Axel Rudi Pell has been pumping out the same kind of musical product for the past dozen or so years. He really refined the style over time, beginning in a more straight forward hard rock direction ("Wild Obsession" and "Nasty Reputation"), then bending more toward a Rainbow-esque vision after Jeff Scott Soto
took the mic (all of which were high quality, barring the final Soto outing, "Magic", which had its abysmal moments).
Once Gioeli came aboard, he solidified the current package in "Oceans of Time" and none of them have looked back since. His musical style borrows from many artists, but yet is unique in and of itself. There is the epic bombardment of power metal, but the songs are slower, more in a dramatic shift than relying on sheer velocity. The music is surprisingly rich in melody and retains this hard rock edge, without surrendering the soul completely to the power side. It's a fine balance, and one that he walks effortlessly these days. Pell's guitars are always a joy to hear, too. Flowing, bubbling, the agility of Yngwie and the heart of Blackmore, and like the songs he crafts, his guitar tone is his own signature. He is one of a handful of guitarists that can truly claim to be instantly recognizable and apart from everyone else.
Pell surrounds himself with talented musicians, most notably the thunder god Mike Terrana on the drums and ex-Hardline singer, Johnny Gioeli on vocals. Gioeli has been his lead frontman since the late 90s, taking over where Jeff Scotto Soto left off. He is able to switch between that majestic, commanding presence into a moody rock vocalist without a hiccup. Axel calls frequently on both sides of that vocal coin, so its a real boon to the music having his versatile voice adding that necessary vocal fuel to the musical fire. Rounding out the lineup is Volker Krawczak on bass who's been in Axel's camp since the Steeler days and Ferdy Doernberg layering on the keys.
Now after a million or so studio albums, you pretty much know the kind of product you are buying when approaching a Pell album, even before you pop the disc in the player. It's good music, but naggingly familiar. He hasn't pushed at the boundaries much as of late. Songs such as "Aquarius Dance" from his past, hinted at a musician that played around in a bit more variety. But really it doesn't matter. These albums are popped out now to please the fans most of all, and he is proud of his work (as he should be). Musicianship is top notch, his solos sizzling and the songs are a blend of epic anthems, blistering hard rockers and smoldering ballads (although this album's ballad is more limp than lusty, and more insincere than heartwrenching).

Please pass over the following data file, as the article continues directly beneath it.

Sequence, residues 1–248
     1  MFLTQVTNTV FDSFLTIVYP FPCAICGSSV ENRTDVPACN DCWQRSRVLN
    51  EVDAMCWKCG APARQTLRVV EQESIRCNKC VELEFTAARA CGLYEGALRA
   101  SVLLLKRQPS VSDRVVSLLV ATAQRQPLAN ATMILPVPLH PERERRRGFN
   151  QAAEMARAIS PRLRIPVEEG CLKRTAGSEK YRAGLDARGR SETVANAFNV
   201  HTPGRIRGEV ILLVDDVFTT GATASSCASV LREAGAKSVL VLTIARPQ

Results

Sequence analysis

The lyrics are typical of these albums as well. There is much talk about shadows. You can't have an Axel Rudi album without shadows. He seems to be fascinated by them and they pop up especially prominent in the pompy power piece opener, and classical appreciative "Higher"
. There's more fantasy lore thrown about here than in a Dungeon
and Dragons Sourcebook. It's done in that Rainbow/Dio
-esque ease, where it seems like all the mystery and magic is going to transform itself into grand mythical beings right before your eyes. The title track is another big sweeping medieval pomp and rock that has Johnny singing in fine, fevered form. It's a sweet throwback to the "Black Moon Pyramid" tunes and really cranks the keyboards. "Buried Alive"
shakes the stadium rocker foundations and thunders through in frantic, crushing pizazz. "Northern Lights"
conjures the ghost (or shadows!) of Dio
and brings them into the fold for a mid-tempo earthquaker that also has a softer underbelly that the others here. "Ain't Gonna Win"
along with "Angel Eyes"
turns things into a friendlier, hook-filled direction, with "Angel" being the one with more roar and velocity."Riding on an Arrow"
whips out the melodies and an ultra catchy chorus. Sharp riffs abound for this one and its another album slayer. "Crossfire"
is quick paced but quality rock steeped in a traditional German Euro-metal sound and tempered rhythm, and "Touching My Soul"
just cheeses up as a corny slow crawler. This isn't going to shatter hearts like some of his past ballads, but it a makes an alright breather, even if its a bit on the B-side of things.
This is another significantly delightful epic album in Axel's massive discography. The songs are well crafted and as always, its a pleasure to hear Pell focusing on building (real) songs around his solos rather than making flimsy backdrops to bookend instrumental tangents. Too many guitarists are just there to showcase their precious talents and to hell with the rest of the song, because its *them* that matters. Pell actually makes great songs and drops his fabulous solos in them. "Tales of the Crown"
might not win any new fans to the cause, being so alike to his previous few efforts, but it will surely keep the fires burning in those that already love the guitarist, as well as anyone that craves music along the lines of Dio
-era Rainbow, Dio
-era Black Sabbath
and, well.... Dio
. It may be getting a little stale (and full of shadows) but atleast its solid, quality music, even if a bit predictable.
Written by Alanna
Saturday, November 22, 2008Show all reviews by AlannaRatingsAlanna: 7.5/10
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